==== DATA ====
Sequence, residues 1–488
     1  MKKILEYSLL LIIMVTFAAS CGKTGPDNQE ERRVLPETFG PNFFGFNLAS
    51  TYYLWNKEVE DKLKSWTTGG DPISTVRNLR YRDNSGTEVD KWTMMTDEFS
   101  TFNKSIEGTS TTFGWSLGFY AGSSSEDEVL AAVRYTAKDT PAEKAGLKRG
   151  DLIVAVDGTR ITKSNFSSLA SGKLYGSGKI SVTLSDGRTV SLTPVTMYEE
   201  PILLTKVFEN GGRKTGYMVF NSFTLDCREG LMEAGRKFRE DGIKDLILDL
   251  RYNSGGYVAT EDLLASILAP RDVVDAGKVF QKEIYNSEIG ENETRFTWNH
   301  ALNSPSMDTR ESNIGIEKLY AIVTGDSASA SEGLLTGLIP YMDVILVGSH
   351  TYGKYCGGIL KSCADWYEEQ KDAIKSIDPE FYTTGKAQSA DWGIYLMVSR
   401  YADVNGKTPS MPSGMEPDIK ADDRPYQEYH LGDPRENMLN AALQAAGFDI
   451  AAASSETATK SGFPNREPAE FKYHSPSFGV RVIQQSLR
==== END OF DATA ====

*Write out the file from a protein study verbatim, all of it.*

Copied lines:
Sequence, residues 1–488
     1  MKKILEYSLL LIIMVTFAAS CGKTGPDNQE ERRVLPETFG PNFFGFNLAS
    51  TYYLWNKEVE DKLKSWTTGG DPISTVRNLR YRDNSGTEVD KWTMMTDEFS
   101  TFNKSIEGTS TTFGWSLGFY AGSSSEDEVL AAVRYTAKDT PAEKAGLKRG
   151  DLIVAVDGTR ITKSNFSSLA SGKLYGSGKI SVTLSDGRTV SLTPVTMYEE
   201  PILLTKVFEN GGRKTGYMVF NSFTLDCREG LMEAGRKFRE DGIKDLILDL
   251  RYNSGGYVAT EDLLASILAP RDVVDAGKVF QKEIYNSEIG ENETRFTWNH
   301  ALNSPSMDTR ESNIGIEKLY AIVTGDSASA SEGLLTGLIP YMDVILVGSH
   351  TYGKYCGGIL KSCADWYEEQ KDAIKSIDPE FYTTGKAQSA DWGIYLMVSR
   401  YADVNGKTPS MPSGMEPDIK ADDRPYQEYH LGDPRENMLN AALQAAGFDI
   451  AAASSETATK SGFPNREPAE FKYHSPSFGV RVIQQSLR